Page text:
Episode 1 -| Review Score – 4/5
Episode 2 -| Review Score – 3.5/5
Episode 3 -| Review Score – 3/5
Episode 4 -| Review Score – 3.5/5
Episode 5 -| Review Score – 4/5
Episode 6 -| Review Score – 2/5
Episode 7 -| Review Score – 2.5/5
Episode 8 -| Review Score – 4/5
Lately, everything that Taylor Sheridan has touched has turned into gold. His successful launches in the recent past include Tulsa King, Mayor of Kingstown, and the Yellowstone spinoffs. Paramount has been the single biggest beneficiary of Sheridan’s creative purple.
Naturally, expectations were high for Special Ops: Lioness, which starts very strongly. The first few episodes hint toward another edge-of-the-seat action romper. But somewhere after episode four, Special Ops gradually loses pace and becomes a convoluted mess that is only saved by stellar turns from Zoe Saldana and Laysla de Oliveira.
Special Ops: Lioness tells the story of a special activities division of the CIA led by Joe (Saldana). The “Lioness” team undertakes covert espionage operations to tactically eliminate important targets on the intelligence agency’s kill list. Being a Lioness is a zero-sum game, as we see with an operative at the start of the season. The job takes its toll on Joe, who struggles to maintain a functional personal life.
For their next assignment, the Lioness division faces one of its most important battles. The target this time is Asmar Amrohi, who is the CEO of Qudrah Petrol, one of the world’s leading oil producers. But the CIA want his head for bankrolling almost every single terrorist attack carried out in the Middle East and the US in the last decade.
To complete the mission, Joe goes against the tide and recruits a marine, Cruz Manuelos, who is a novice in the espionage trade. Her lack of training does not deter Joe, who even lays third-degree torture on Cruz to prepare her for the role. Cruz must befriend Amrohi’s daughter, Aaliyah, and find a way to face up with Amrohi, who has thus far remained elusive to the CIA.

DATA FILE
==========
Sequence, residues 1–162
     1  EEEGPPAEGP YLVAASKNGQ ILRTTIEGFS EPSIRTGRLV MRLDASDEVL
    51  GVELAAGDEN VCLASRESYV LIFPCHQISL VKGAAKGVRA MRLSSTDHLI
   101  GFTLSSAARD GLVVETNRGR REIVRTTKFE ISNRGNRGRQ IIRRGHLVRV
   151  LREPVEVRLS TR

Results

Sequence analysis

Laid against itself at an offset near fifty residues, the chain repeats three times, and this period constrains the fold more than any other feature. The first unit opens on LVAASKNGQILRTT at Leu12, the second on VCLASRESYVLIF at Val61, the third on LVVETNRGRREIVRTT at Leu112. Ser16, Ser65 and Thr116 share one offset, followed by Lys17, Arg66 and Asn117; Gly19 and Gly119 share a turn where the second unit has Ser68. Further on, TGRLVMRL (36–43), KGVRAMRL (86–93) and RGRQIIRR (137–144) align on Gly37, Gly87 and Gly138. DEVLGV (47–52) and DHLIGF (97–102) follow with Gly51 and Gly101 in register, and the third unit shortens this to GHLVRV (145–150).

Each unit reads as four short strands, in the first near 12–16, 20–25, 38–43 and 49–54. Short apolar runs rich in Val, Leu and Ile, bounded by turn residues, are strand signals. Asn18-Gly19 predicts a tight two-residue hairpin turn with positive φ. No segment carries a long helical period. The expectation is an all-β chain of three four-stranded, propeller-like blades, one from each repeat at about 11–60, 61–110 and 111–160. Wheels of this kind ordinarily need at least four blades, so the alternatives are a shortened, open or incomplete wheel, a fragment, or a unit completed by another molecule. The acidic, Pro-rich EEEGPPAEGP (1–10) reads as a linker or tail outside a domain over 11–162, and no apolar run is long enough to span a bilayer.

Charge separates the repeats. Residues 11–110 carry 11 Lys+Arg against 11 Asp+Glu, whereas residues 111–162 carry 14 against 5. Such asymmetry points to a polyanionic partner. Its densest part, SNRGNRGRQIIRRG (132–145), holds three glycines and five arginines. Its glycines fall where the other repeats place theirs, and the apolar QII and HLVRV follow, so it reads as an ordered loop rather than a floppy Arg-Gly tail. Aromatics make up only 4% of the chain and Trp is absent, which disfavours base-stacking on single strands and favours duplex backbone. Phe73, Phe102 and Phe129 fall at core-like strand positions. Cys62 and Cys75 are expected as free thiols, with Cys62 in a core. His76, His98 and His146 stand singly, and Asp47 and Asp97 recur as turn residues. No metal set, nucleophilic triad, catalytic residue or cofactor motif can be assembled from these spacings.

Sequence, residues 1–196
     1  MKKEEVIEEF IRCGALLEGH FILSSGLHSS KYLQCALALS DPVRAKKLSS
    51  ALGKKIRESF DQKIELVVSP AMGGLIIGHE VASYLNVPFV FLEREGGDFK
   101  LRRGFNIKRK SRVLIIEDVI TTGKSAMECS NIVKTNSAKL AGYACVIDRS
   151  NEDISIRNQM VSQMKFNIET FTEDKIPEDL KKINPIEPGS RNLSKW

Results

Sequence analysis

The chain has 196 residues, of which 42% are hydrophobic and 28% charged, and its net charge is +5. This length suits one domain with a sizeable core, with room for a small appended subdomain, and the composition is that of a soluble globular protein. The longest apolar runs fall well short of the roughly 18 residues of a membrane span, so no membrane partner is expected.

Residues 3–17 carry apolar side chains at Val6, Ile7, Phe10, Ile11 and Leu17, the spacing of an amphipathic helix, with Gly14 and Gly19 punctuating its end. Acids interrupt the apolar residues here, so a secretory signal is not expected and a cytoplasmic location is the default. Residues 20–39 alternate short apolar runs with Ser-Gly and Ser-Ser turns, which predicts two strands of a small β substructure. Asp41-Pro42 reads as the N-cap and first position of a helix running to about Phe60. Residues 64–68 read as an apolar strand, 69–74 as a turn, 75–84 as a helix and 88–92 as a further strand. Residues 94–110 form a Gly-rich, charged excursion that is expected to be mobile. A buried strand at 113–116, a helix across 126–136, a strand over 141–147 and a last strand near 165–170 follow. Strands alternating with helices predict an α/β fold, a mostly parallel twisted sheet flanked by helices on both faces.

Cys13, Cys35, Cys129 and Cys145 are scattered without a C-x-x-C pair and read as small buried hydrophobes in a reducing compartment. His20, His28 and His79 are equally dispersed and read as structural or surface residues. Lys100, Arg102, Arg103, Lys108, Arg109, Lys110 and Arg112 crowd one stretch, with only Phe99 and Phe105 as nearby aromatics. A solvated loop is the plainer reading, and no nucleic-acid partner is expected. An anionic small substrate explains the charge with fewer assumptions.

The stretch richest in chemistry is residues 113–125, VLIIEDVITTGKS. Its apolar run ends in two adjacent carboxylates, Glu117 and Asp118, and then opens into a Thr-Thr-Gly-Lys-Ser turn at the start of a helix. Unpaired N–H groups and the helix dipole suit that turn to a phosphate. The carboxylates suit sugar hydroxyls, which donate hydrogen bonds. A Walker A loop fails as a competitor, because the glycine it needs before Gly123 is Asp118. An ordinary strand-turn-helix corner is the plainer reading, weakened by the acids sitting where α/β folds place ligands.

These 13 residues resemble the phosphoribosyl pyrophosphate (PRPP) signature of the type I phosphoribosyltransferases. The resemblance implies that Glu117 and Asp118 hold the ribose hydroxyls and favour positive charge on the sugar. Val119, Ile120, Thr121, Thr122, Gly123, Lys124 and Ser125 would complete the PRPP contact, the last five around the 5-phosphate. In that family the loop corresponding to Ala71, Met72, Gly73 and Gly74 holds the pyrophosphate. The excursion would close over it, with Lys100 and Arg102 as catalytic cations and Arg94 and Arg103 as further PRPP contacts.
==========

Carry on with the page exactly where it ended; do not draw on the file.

One of the very first things I want to highlight about Lioness is its natural female portrayal. In a male-dominated world, operators like Joe, Cruz, Kaitlyn, and Bobby emerge as capable and efficient operators whose gender does not define their individuality. Sheridan and his room of writers do not try to paint them as better or differentiated from their male counterparts. They co-exist without the aforesaid banner that has inspired so many weaker portrayals in the recent past. Even though they are tough women, the creatives allow viewers to see their softer, more feminine side as well. Joe’s moments with her daughter after her accident are a testament to this characteristic.
These women do not shy away from asking for help or expressing their vulnerability either. Such well-rounded characters are a rarity in the television space and they should serve as the standard going forward for creators.
Sheridan is known for his simplistic approach to plot and writing, which is reflected in the setup in Lioness. The characters and their stories take up most of the screen time. They are the focus of the narrative and drive it forward. This choice generally proves to be a fruitful one in Sheridan’s works. But this time around, they sort of backfire on him.
Amrohi’s elimination was the bedrock on which this entire story was woven. Without him in the picture, Joe would not have recruited Cruz. But we only see him in the finale for a mere five minutes. Cruz’s undercover mission steadily turned into an unnecessary romantic entanglement with Aaliyah, to such an extent that by the end, their relationship became frustrating. Even though this choice for Cruz’s character makes her different from your typical military spy fodder, the amount of time devoted to developing this arc is not justified. Either it should have been brought out much sooner, or it should have been severed entirely from the teleplay.
The final two episodes extensively feature Aaliyah and Cruz candidly expressing their insecurities and perspectives about love for long stretches. It was not prudent for Sheridan and co to pair it with the business end of the series when viewers are expecting an explosive action-filled showdown. While the entanglement itself cannot be scrutinized too much, its timing certainly should be.
Errol and Kaitlyn’s equation is totally ambiguous. They talk so much in riddles and metaphors that it is nearly impossible to get anything. Joe and her family’s afflictions are the only compelling part of Special Ops. The acting, writing, and significance in the overall positioning of the show make it essential viewing.
Zoe Saldana is at her best when she balances being a mother and a CIA agent. Military personnel dovetailing their family commitments and professional tribulations find the perfect pitch in Joe’s character. I feel Laysla de Oliveira outperformed every single fellow cast member, perhaps with the exception of Saldana. All her attributes and showcasing – physical and emotional – made for a perfect character arc that does not find justice in the show’s script. She is definitely hard done by in terms of her character’s journey.
Ultimately, Special Ops is such a frustrating and yet briefly brilliant show. The experience of watching this story unfold suffers due to uneven execution in both halves of Season 1. All the urgency that should have defined the show’s tone is missing and cramped within its final episode.
Verdict - 6/10